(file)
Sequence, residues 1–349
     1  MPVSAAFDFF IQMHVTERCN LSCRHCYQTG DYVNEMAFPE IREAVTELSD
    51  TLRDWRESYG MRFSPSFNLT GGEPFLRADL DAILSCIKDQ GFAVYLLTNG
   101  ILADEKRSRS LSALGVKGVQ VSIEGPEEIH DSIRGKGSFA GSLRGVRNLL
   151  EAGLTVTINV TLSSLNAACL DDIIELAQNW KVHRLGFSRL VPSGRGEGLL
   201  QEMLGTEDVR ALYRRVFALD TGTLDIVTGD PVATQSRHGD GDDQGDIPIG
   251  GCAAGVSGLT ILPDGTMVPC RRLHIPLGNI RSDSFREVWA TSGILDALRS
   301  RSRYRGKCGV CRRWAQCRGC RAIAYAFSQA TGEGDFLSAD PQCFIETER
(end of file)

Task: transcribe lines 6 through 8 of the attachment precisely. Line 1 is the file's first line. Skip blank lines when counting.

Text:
   201  QEMLGTEDVR ALYRRVFALD TGTLDIVTGD PVATQSRHGD GDDQGDIPIG
   251  GCAAGVSGLT ILPDGTMVPC RRLHIPLGNI RSDSFREVWA TSGILDALRS
   301  RSRYRGKCGV CRRWAQCRGC RAIAYAFSQA TGEGDFLSAD PQCFIETER